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Written by John Kauk
The popular sport model now comes in a foam version
Abridged product review
Photos by the author
Read the full product review in the February 2016 issue of
Model Aviation.


Specifications

Model type: Sport
Skill level: Intermediate
Wingspan: 55 inches
Wing area: 551 square inches
Airfoil: Semisymmetrical
Length: 45 inches
Weight: 3.7 pounds
Power system: BL 15-size 880 Kv outrunner motor (installed); 40-amp ESC (installed); 3S 2,500 to 4,000 mAh LiPo battery (required)
Radio: Spektrum four-channel minimum (required)
Construction: Molded Z-Foam
Covering/finish: Paint, decals
Price: $ 239.99


Test-model Details

Power system: E-flite BL 15 motor (included); 12 x 8 propeller (included); 40-amp ESC (included); 3S 3,200 mAh LiPo battery (required)
Radio: Spektrum DX9 Black Edition transmitter; AR636A receiver (included)
Ready-to-fly weight: 3.6 pounds
Flight duration: 7 minutes


Pluses

• Super fast and easy assembly.
• Choice of two landing gear styles.
• Large hatch for easy battery access.
• AS3X receiver for stable, locked-in feel.


Minus

• No pilot figure in the cockpit.


Product review

Horizon Hobby’s series of Pulse sport models, originally designed by Mike McConville, has been around for a while. One of my club members has owned several of them, and they’ve all been well built and fun for him to fly. When I was given the opportunity to take a look at the new Pulse 15e BNF model, I knew it was an airplane that I would enjoy.

Delivered to my house double-boxed, with all parts sealed in plastic bags and securely fastened inside of a Styrofoam inner container, the Pulse arrived in perfect shape. A quick glance through the box contents revealed a nicely painted, molded Z-Foam airframe with all of the power and radio components installed, blue anodized main gear with wheels and wheel pants installed, and a bag with the rest of the parts required for completion.




Here are the parts as they come out of the box. Included are nicely molded Z-Foam airframe parts, blue anodized landing gear, and a bag of smaller parts that are ready for quick assembly.


Flying

I got together with my friend, Vernon Nelson, on a beautiful morning for test flights and photos. After a short briefing about the airplane’s setup, I set the throttle-activated timer for 6 minutes, carried the model out, and lined it up on the runway. When Vernon advanced the throttle, the Pulse tracked straight as it gained speed, and lifted off after a short run.

After a couple of circuits around the field and a bit of up-trim, Vernon was comfortable enough with the Pulse to begin making low-level passes and Figure Eights for photos. He commented on the airplane’s smooth handling and easy flight, and did a few rolls and loops to investigate its aerobatic capabilities.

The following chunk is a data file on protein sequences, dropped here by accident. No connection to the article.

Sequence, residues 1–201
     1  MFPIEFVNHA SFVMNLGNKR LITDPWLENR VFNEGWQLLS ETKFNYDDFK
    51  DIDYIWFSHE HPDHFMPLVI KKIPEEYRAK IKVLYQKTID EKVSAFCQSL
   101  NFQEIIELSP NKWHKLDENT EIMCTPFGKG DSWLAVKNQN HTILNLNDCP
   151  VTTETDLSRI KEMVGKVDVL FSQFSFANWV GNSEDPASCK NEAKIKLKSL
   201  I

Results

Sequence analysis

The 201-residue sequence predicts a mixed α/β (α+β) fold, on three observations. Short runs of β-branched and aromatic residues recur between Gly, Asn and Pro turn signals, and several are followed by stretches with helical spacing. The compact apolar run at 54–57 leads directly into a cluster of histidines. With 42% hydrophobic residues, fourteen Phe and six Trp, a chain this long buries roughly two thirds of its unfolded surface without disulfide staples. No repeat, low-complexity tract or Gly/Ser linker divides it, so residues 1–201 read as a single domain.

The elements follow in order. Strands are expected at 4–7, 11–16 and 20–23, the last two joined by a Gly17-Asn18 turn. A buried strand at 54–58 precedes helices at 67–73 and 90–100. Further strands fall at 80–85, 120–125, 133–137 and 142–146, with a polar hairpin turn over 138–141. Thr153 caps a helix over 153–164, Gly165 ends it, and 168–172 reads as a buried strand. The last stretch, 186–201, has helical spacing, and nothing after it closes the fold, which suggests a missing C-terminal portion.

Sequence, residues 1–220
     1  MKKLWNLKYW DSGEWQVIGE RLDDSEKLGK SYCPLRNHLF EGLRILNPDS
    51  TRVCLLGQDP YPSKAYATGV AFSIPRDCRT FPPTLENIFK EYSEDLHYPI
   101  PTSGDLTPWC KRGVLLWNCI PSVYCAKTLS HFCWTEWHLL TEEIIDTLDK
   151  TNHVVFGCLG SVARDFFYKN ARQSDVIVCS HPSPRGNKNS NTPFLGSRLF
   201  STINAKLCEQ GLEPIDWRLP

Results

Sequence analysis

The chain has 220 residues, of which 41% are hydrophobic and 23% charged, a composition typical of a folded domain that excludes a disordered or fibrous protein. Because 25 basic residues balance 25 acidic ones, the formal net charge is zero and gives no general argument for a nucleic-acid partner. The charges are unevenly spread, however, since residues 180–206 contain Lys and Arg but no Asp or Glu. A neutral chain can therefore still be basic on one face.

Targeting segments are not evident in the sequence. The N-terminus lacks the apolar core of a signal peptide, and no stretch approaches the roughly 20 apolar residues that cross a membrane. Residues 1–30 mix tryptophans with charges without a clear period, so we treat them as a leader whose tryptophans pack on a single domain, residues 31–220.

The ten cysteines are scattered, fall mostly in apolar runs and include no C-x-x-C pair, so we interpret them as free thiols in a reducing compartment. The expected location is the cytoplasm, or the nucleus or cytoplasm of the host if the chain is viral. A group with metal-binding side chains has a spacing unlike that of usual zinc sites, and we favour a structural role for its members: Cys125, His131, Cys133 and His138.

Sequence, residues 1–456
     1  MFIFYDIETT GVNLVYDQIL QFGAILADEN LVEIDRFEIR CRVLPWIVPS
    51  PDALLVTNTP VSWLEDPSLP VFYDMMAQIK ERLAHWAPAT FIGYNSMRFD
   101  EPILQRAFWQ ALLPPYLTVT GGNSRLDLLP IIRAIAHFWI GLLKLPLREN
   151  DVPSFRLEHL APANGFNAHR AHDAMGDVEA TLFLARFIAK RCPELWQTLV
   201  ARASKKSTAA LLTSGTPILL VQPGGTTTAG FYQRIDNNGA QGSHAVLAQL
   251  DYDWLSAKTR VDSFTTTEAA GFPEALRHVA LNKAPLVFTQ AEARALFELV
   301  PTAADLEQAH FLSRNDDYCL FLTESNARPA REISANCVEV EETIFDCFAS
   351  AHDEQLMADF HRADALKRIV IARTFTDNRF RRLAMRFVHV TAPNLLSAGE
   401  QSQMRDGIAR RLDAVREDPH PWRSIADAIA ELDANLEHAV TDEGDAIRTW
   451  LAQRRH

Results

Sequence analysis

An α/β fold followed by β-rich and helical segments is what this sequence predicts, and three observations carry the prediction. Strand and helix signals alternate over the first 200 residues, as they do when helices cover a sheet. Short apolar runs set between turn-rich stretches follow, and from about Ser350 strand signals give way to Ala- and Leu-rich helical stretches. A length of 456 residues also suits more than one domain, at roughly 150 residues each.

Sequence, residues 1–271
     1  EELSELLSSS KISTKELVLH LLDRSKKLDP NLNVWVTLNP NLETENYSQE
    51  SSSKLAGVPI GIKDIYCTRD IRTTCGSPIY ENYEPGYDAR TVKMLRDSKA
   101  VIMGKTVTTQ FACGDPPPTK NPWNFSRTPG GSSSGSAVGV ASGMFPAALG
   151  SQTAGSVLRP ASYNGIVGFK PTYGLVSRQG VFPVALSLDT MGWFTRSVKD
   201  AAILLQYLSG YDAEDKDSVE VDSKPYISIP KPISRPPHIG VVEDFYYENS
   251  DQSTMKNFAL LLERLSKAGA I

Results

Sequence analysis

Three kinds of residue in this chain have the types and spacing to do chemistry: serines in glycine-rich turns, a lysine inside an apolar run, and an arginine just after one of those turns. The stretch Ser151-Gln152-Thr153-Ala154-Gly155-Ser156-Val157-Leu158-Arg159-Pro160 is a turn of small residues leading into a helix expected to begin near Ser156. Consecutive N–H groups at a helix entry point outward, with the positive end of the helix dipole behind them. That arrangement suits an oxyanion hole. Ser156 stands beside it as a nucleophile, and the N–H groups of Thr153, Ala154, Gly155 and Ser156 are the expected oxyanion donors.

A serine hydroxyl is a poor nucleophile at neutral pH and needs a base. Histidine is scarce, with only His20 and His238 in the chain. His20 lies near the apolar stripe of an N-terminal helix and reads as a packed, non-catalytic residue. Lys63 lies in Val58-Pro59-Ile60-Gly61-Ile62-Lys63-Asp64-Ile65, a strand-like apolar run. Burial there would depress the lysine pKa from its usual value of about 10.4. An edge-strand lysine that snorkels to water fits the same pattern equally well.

When the DX9 radio’s voice alarm announced, “One minute remaining,” Vernon set up for the landing. Despite a slight crosswind, the final approach was steady and easy to keep in line thanks to the AS3X system smoothing the wind buffeting. Vernon made a picture-perfect landing.

Since that first day, I’ve flown the Pulse 15e quite a bit. The landing gear handles a grass runway with ease, and the wheel pants look great and don’t cause any problems.

In the air, the Pulse 15e is stable and easy to fly. It can be fast and responsive, and is capable of a full repertoire of standard aerobatic maneuvers. Slow flight is also stable and smooth. When the Pulse stalls, it usually drops its nose a little and keeps flying.

I’ve had a lot of fun pointing it into the wind, cutting the throttle back to a slow idle, and trying to keep it on the edge of stalling for as long as possible. Recovery is simple: apply some power and the airplane flies on.

Conclusion

The E-flite Pulse 15e BNF is a winner. Assembly is fast and easy with good parts’ fit and quality. It’s big enough to present well in the air and is a lot of fun to fly.

The AS3X receiver gives the model a locked-in feel in a wide range of conditions, which allows the pilot to focus more on flying the airplane and less on correcting for the wind. I think it would be a great model for an intermediate pilot moving from a trainer to something more challenging.
—John Kauk
john@kauk.net


Video


Manufacturer/Distriutor

Horizon Hobby
(800) 338-4639
www.e-fliterc.com


Sources

Spektrum
(800) 338-4639
www.spektrumrc.com

2 comments

Why didn't you mention the cowl flying off. The elevators and ailerons detaching due to foam hinges (must replace w ca hinges), or the need to dial out the thrust angle as it dives towards the ground with acceleration, or the fact that the control rods are so flexible that you have to modify that and all the above mentioned very serious problems before you can safely fly this plane.
I love Horizon. They replaced mine when ALL THE ABOVE Failed.

I didn't mention the problems you had because I didn't have any of them. I continue to fly the Pulse every time I go to the field, it's a great flying plane. I'm glad to see that you had a good experience with Horizon's customer service, though.

John

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